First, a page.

Judge: Obama center construction can move forward in Chicago

National
Barack Obama

FILE – In this May 3, 2017 file photo, former President Barack Obama speaks at a community event on the Presidential Center at the South Shore Cultural Center in Chicago. A federal judge in Chicago says he’ll dismiss a lawsuit brought by a parks advocacy group that is trying to stop Barack Obama’s presidential center from being built. U.S. District Judge John Robert Blakey said there should be no delay in constructing the $500 million center after hearing arguments in court on Tuesday, June 11, 2019. He said a written ruling will follow later Tuesday.. (AP Photo/Nam Y. Huh, File)

CHICAGO (AP) — Plans to build Barack Obama’s $500 million presidential center on Chicago’s lakefront can move forward, a federal judge said Tuesday in dismissing an advocacy group’s lawsuit objecting to the use of historic public parkland.

After hearing nearly an hour of arguments, U.S. District Judge John Robert Blakey said there should be “no delay in construction.”

“This case is dismissed,” he said.

Blakey’s quick announcement in court surprised many. He later issued a detailed, 52-page ruling in which he called the park advocacy group’s arguments unconvincing.

Protect Our Parks’ lawsuit, along with a federal review, has halted progress on the planned state-of-the-art museum and library that was supposed to open in 2021 in Jackson Park. The 500-acre park along Lake Michigan is on the National Register of Historic Places.

Among other things, Protect Our Parks argued the city illegally transferred land for the park to The Obama Foundation, a private entity overseeing construction of the center. In court, Protect Our Parks attorney Mark Roth accused the city of allowing a “massive giveaway” to the foundation and questioned the public benefit.

Meanwhile, lawyers for the city contended the whole museum was a public benefit itself, along with plans to maintain the park grounds. City attorneys have also accused the parks group of misreading the law and misrepresenting how the land approval works.

In siding with the city, Blakey said the center “surely provides a multitude of benefits to the public” including “a range of cultural, artistic, and recreational opportunities.”

Roth said the parks group planned to appeal and would look at other legal options to halt construction.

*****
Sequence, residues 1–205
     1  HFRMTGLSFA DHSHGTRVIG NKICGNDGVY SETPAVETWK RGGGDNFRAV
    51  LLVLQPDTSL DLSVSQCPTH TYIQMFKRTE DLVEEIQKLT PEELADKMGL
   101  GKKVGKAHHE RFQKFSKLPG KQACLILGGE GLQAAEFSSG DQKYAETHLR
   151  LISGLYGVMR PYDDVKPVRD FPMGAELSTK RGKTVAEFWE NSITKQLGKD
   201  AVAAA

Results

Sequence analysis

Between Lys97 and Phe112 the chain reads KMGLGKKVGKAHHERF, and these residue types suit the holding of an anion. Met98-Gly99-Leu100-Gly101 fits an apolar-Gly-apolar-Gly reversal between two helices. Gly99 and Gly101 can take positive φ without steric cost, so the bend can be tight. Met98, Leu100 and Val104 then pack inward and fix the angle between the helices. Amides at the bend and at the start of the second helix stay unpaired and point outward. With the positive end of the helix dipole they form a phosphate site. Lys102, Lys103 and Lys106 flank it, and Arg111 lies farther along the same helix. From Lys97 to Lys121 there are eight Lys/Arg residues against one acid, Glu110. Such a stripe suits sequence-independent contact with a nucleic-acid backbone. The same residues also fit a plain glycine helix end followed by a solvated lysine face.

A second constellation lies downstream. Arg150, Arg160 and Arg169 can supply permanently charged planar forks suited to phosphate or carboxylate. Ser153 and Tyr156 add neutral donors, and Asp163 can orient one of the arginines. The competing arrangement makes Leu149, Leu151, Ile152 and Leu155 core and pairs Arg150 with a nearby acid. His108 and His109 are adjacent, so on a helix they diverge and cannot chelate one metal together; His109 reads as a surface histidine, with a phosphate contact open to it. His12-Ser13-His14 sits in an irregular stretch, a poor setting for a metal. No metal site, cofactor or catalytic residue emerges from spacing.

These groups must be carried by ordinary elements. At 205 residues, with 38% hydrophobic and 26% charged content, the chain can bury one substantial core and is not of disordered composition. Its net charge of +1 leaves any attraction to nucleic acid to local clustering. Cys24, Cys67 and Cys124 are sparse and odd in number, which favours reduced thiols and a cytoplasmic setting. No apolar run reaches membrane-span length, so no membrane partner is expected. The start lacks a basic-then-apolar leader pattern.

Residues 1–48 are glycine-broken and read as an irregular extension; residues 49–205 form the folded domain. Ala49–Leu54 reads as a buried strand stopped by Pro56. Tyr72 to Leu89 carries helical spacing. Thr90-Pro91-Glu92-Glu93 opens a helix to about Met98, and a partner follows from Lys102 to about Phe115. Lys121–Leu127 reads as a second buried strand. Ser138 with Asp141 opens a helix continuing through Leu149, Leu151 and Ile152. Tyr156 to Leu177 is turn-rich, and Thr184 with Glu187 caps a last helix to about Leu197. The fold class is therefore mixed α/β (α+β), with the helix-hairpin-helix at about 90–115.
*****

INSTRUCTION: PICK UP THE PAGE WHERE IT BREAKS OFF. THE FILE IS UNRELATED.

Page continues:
“I’m bitterly disappointed,” Roth told news reporters outside court.

The site of the center — which is to include a digital presidential library, public library branch, recording studio, classroom space and personal artifacts — is near where the former president began his political career and lived with his family before moving to the White House. The facility, on 20 acres of the park, will be paid for with private donations.

Obama has traveled back to Chicago to attend community meetings since leaving the White House, touting the center as a “premier institution” for youth leadership that will also revitalize the area and create thousands of jobs.

“Our vision for the Obama Presidential Center has always been one where the location reinforces the project’s core aims: a celebration of history, a place of connection and engagement for the public, and an investment in community,” Obama Foundation CEO David Simas said in a statement.

Chicago Mayor Lori Lightfoot, who took office last month, called the decision a significant step forward. In a statement she said she’d work to ensure the center “creates unprecedented cultural opportunities and economic growth.”

While the library has also faced criticism from residents over the traffic it will bring and people it will displace, Tuesday’s decision was largely celebrated by neighborhood organizations and business groups that said the center will bring more opportunities to a section of Chicago that includes low-income neighborhoods.

“This is a benefit to our community,” said Erin Adams, a single mom who lives nearby and uses the park often.

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Follow Sophia Tareen on Twitter at https://twitter.com/sophiatareen .

Copyright 2019 The Associated Press. All rights reserved. This material may not be published, broadcast, rewritten or redistributed.

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